The media’s been buzzing about John Oliver’s recent Last Week Tonight segment on modern journalism. You really ought to watch it yourself (beware a healthy dose of profanity), but the gist is not exactly breaking news: traditional newspapers are in big trouble. Faced with plummeting ad revenue and a public increasingly used to free, 24-hour news, papers are cutting qualified, capable journalists, and in exchange for clickbait. As Oliver quipped, “All the puppy news that’s fit to print and maybe some Iraq news, too, if we can afford it”
Why newspapers matter
But Oliver also emphasizes how dependent he and other online and TV reporters are on the legwork of journalists. And he explains that investigative journalists provide a valuable public service by keeping corruption in check and policing the powerful. Dropping readership or not, they can still have enormous impact. Last year we saw it in our own backyard: Though allegations of corruption in the office of Governor John Kitzhaber had been spreading for months, he only stepped down once The Oregonian, Portland’s leading paper, called for his departure.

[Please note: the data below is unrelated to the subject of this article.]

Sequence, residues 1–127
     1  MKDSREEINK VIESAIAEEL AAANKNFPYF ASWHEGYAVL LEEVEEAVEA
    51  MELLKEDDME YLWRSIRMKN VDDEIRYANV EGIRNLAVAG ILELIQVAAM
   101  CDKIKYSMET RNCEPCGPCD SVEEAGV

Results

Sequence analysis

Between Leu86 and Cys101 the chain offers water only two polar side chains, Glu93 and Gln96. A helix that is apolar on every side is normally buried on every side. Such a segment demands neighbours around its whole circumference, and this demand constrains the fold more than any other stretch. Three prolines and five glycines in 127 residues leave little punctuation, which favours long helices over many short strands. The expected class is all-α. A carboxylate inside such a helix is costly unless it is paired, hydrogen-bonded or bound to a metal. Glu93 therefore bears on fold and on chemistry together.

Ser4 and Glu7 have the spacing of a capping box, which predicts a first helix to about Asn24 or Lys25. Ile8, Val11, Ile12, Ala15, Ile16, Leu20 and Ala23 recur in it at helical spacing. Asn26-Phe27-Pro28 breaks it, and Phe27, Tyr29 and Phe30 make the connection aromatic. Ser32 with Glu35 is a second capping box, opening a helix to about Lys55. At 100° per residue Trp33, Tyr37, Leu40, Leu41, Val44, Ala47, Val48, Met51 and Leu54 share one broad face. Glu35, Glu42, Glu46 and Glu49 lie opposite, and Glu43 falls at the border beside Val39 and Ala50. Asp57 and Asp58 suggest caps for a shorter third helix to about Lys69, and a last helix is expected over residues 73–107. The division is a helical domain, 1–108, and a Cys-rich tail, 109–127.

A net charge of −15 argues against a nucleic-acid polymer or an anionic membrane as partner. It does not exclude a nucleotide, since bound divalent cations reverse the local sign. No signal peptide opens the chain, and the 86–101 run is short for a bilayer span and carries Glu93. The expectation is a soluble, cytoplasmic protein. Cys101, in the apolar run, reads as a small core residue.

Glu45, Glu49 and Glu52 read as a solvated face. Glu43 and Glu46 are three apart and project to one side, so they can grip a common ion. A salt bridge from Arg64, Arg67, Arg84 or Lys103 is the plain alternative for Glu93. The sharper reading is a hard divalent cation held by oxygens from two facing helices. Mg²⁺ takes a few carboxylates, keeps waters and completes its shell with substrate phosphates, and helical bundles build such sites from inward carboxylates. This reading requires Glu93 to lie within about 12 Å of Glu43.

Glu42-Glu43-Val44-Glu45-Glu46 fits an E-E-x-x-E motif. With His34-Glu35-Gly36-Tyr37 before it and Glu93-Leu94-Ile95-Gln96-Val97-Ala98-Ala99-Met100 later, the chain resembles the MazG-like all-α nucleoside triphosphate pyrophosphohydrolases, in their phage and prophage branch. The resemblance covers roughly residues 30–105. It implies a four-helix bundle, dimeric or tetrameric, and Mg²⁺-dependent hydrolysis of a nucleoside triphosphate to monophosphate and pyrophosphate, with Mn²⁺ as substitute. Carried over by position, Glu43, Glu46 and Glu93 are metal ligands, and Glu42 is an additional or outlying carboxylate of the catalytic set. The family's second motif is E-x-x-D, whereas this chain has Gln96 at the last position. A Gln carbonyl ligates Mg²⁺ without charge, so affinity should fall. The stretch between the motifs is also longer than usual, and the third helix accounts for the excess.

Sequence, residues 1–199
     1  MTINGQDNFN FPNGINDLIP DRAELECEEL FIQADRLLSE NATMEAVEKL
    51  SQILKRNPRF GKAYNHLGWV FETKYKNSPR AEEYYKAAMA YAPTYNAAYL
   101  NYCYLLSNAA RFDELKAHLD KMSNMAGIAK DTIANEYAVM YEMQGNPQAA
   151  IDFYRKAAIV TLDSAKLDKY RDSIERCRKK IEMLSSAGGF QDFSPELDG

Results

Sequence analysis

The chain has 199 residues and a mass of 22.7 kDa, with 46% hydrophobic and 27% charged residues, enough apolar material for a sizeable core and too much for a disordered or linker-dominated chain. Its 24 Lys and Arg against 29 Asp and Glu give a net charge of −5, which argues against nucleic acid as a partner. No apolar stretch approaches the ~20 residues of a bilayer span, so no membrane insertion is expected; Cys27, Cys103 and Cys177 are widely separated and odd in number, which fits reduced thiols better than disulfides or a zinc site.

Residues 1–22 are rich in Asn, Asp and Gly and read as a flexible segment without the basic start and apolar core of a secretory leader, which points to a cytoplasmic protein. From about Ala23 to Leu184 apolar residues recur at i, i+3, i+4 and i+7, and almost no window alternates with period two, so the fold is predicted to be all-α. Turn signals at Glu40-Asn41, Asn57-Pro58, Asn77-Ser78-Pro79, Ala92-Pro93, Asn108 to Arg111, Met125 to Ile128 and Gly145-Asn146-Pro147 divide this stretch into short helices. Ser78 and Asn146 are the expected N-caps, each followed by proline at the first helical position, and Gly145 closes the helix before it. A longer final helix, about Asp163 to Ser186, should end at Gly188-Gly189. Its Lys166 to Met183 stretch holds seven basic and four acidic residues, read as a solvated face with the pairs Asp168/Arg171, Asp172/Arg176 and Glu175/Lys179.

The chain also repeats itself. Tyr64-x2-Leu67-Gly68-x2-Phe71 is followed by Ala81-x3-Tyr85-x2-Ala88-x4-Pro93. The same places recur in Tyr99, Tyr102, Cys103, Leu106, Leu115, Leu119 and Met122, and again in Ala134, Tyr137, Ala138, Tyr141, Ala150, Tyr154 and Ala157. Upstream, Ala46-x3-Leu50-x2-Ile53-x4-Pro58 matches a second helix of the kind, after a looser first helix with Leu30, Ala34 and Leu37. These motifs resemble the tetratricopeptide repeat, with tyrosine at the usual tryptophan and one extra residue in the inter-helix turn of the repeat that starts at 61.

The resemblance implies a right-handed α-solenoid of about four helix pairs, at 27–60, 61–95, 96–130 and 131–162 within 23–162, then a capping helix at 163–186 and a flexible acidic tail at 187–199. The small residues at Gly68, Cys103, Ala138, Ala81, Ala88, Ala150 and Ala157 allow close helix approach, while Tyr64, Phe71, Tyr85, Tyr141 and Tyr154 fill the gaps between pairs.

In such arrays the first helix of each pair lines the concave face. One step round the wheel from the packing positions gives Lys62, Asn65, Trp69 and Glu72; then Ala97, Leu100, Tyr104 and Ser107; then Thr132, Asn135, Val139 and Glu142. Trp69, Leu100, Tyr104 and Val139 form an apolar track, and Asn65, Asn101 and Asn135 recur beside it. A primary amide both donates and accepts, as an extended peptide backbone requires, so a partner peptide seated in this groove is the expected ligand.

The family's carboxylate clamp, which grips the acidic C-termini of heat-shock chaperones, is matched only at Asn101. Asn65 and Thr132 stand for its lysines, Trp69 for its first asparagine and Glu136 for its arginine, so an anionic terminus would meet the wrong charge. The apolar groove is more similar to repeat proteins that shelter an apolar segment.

Why newspapers matter to business
Oliver’s segment emphasized the value that newspaper journalism has for society and the general public, but he could have also discussed its importance for the business world. The A.wordsmith team turns to a range of outlets, but working with print media is an essential part of the PR toolbox. A.wordsmith clients, whether they realize it or not, benefit from local newspapers as individual citizens and as members of the business world.
It’s hard to say whether this will do anything to steer the newspaper industry in a new direction. Regardless, Oliver’s message is loud and clear: “A big part of the blame for this industry’s dire straits is on us and our unwillingness to pay for the work journalists produce.”